Thursday, September 25

How the Internet Destroyed Tom Cruise

  This morning, I read a fascinating article about how the internet killed Tom Cruise. "The first star to stumble in front of the k... thumbnail 1 summary
 

This morning, I read a fascinating article about how the internet killed Tom Cruise. "The first star to stumble in front of the knives was the biggest actor in the world and the one who'd tried the hardest not to trip," wrote Amy Nicholson for LA Weekly.
Tom Cruise had always been edgy around the press. When Risky Business turned him a 21-year-old kid with three bit parts and one flop on his résumé into an overnight sensation, he disappeared. "I'm not personally ready to do this," he told the film's publicity team. Instead of giving interviews and swanning around Hollywood with his best friends, Sean Penn and Emilio Estevez, Cruise ditched the flash bulbs and escaped to London, where he hid out for two years while filming Ridley Scott's ill-fated Legend. (Sniffed one British director to The Hollywood Reporter, "Nobody would notice a boy with that little experience anywhere in Europe.")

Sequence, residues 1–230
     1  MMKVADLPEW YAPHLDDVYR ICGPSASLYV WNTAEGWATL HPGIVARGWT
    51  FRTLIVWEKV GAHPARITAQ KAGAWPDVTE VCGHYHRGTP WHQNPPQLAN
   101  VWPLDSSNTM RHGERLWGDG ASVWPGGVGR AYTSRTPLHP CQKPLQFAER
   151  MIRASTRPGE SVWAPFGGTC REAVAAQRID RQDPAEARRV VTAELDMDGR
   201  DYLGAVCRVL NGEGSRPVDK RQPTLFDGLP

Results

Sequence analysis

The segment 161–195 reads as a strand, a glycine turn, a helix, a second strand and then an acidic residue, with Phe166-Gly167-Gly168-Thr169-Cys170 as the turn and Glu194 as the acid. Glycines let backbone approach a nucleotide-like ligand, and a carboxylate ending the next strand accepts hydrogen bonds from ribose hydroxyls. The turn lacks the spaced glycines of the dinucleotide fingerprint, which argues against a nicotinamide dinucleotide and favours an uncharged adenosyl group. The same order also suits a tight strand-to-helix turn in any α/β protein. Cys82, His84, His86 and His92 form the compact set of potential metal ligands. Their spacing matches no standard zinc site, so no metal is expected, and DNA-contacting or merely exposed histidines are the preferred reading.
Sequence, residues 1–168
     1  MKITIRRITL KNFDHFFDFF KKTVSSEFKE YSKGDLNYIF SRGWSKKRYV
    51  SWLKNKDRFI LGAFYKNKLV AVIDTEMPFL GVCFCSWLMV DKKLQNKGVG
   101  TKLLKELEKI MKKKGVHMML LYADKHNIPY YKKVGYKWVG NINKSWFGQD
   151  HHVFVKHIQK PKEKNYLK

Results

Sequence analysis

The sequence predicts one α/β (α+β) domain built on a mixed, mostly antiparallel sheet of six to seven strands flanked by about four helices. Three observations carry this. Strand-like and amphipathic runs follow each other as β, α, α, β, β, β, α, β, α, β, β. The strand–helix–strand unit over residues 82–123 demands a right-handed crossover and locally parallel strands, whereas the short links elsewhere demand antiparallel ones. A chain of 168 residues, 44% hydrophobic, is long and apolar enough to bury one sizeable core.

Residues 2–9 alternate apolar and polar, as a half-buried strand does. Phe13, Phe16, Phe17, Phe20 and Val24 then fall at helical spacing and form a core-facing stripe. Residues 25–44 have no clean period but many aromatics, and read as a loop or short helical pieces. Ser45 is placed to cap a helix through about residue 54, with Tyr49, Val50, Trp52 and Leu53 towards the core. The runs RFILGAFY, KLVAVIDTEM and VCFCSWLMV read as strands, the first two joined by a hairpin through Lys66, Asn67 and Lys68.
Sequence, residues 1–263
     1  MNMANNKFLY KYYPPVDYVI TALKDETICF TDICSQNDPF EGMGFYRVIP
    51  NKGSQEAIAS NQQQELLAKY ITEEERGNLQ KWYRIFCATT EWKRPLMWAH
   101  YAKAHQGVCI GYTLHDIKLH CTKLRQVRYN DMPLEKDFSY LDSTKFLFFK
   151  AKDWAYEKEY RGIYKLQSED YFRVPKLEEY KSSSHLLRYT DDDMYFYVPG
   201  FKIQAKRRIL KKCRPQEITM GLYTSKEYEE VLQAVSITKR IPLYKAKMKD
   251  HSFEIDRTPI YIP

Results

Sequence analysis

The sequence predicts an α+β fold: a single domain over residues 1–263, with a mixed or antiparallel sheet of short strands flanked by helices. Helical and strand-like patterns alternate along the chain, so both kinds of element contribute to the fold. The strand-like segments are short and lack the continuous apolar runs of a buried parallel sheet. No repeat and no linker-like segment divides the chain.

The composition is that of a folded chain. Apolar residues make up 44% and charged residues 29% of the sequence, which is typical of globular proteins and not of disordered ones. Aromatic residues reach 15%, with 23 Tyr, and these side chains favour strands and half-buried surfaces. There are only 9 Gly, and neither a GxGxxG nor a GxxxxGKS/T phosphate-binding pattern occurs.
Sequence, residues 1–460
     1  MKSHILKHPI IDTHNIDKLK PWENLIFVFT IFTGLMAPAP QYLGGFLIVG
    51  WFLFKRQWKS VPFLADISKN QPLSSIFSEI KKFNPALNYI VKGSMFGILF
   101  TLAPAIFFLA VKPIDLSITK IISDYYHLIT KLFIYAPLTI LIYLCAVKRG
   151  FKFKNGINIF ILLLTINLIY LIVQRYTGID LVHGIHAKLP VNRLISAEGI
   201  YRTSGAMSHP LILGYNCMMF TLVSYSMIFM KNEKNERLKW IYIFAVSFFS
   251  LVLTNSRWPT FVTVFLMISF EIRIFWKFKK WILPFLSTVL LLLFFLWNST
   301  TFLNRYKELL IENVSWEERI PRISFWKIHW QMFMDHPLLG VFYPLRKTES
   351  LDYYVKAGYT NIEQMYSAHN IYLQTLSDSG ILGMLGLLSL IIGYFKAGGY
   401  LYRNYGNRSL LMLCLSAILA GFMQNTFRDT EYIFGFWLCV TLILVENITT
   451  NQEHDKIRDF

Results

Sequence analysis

By the time Cruise flew back to America, he'd been half-forgotten a breakout talent who'd been shortlisted as one of 1983's "Hottest Faces" by the Los Angeles Times, only to vanish. Meanwhile, his buddies had been christened "the Brat Pack," and Penn was marrying Madonna, exactly the kind of splashy spectacle Cruise wanted to avoid.

To promote Top Gun, Cruise finally agreed to his first round of major interviews in 1986. He wanted to make one thing clear. "I want no part of that or this Brat Pack," he insisted to Playboy. "Putting me in there is absolutely absurd, and it pisses me off because I work hard and then some guy just slaps me together with everybody else."

Just 25, Cruise could already sense that quick fame was a curse: for every Robert Downey Jr. who transcended the '80s, there'd be a Judd Nelson, frozen in time.

He didn't want to be a trend he wanted to be a legend. That meant controlling his public image: no drunken nights, no false moves. The attention had to be on his work. After Top Gun became the No. 1 box office hit of 1986, Paramount offered to quintuple his salary if he'd rush into Top Gun 2. He said no.
And then came Scientology, the Oprah sofa incident...The article is really compelling, and here's a rebuttal, as well...Are you a big Tom Cruise fan? Had you been?



I thought I'd start a new series called "What We're Reading" that features interesting articles on all kinds of topics—that we find during the week. I know most of you are big readers. Hope you like it!